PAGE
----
Urgent: Call Your City Councilmember
LA City Council has announced the possibility of a vote to sign the Host City Contract (HCC) for the 2028 Summer Olympic bid this Friday morning, even though it hasn't been properly vetted, with zero public meetings or forums to date about the brand new 2028 bid.
City Council also added an Ad Hoc Olympics Committee meeting at 8 a.m. BEFORE the main City Council meeting on the Olympics this Friday at 10 a.m. They only need to hold a public hearing at one. Call and email Council President Herb Wesson’s office to demand the council offer public comment at the 10 a.m. general meeting so we can address all of the council members for the first time regarding the 2028 bid.
Phone: (213) 473-7010 / Email: email@example.com
Script: "My name is (your name) and I am a Los Angeles resident. I am calling to encourage you to allow public comment at the full City Council meeting at 10 a.m. on Friday, Aug. 11, to allow the public to address their concerns about the 2028 Olympic bid to Councilmembers for the very first time. To skip public comment during this meeting would be irresponsible and neglectful to the people of Los Angeles, who deserve to have a say on this matter."
The IOC and the Olympic Bid committee have been meeting in secret to negotiate the terms for Los Angeles to host the 2028 Summer Olympics. So far, there have been no public discussions regarding the 2028 Olympic bid and there are many community concerns regarding the impact of the Olympics on sanctuary city status, gentrification, homelessness and policing in Los Angeles.
We at NOlympics LA know better: The only smart thing for LA to do is DROP THE BID. Fortunately, the Mayor cannot sign the host city contract for a 2028 games without a vote of approval by our elected officials in City Council. We demand that City Council approach this major shift with extreme caution and transparency, and not rush through a new vote without extensive deliberation, study, and feedback from their constituents. The Olympics are a multi-year, multi-billion-dollar effort that have the potential to impact every aspect of urban life. The plan that the bid committee presented to City Council in January was specific to 2024; extending the timeline by another four years has significant implications and raises a number of questions that City Council does not have answers to right now. As our elected representatives, City Council needs to be seeking those answers and not rushing through a vote to meet the IOC’s demands and timeline.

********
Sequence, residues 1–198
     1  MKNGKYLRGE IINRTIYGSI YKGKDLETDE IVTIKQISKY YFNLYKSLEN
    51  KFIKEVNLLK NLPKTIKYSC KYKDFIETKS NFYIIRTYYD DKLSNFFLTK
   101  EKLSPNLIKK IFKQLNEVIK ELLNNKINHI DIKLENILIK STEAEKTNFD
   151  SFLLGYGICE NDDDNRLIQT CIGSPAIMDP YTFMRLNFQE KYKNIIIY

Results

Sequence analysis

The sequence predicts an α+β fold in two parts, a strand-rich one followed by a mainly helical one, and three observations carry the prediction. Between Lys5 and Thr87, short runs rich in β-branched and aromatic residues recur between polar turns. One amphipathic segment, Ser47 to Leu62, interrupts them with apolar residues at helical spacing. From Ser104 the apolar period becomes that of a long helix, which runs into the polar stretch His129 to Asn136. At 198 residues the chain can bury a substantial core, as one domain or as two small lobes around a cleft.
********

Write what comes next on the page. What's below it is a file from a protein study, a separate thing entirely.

So what can we do? Call your City Councilmember and tell them that YOU OPPOSE AN LA OLYMPIC GAMES IN 2024, 2028 OR EVER!
Here’s what you can say: “My name is (your name) and I am a constituent of (your councilmember). I am calling to express my concern about the Mayor’s recent announcement that LA has made a deal with the IOC to host the 2028 Olympic Games. I do not support an Olympics in Los Angeles in 2024 or 2028. I am asking that City Council consider the new bid proposal with extreme caution and convene multiple community discussions regarding the new proposal. We demand you take more time to deliberate and investigate this 2028 plan which is only one week old and has never been subject to public scrutiny.
There needs to be greater public input in this process. All financial reporting and planning for an LA Olympics Games was for 2024. Adding four years to this process requires further study before City Council considers the host city contract.
Staging the Olympics in Los Angeles would require LAPD and other city/county law enforcement to fully cooperate with Federal Security agencies like the Department of Homeland Security and ICE, putting our vulnerable immigrant communities at greater risk of deportation.
The IOC is demanding that LA taxpayers cover $250 million or more in cost overruns when the Games go over budget, a virtual blank check that could devastate our city’s budget.
Los Angeles is currently in the midst of an affordable housing and homelessness crisis. Our elected officials, including City Council, should be addressing these issues and not taking risks on mega-events like the Olympics which have a track record of accelerating displacement.
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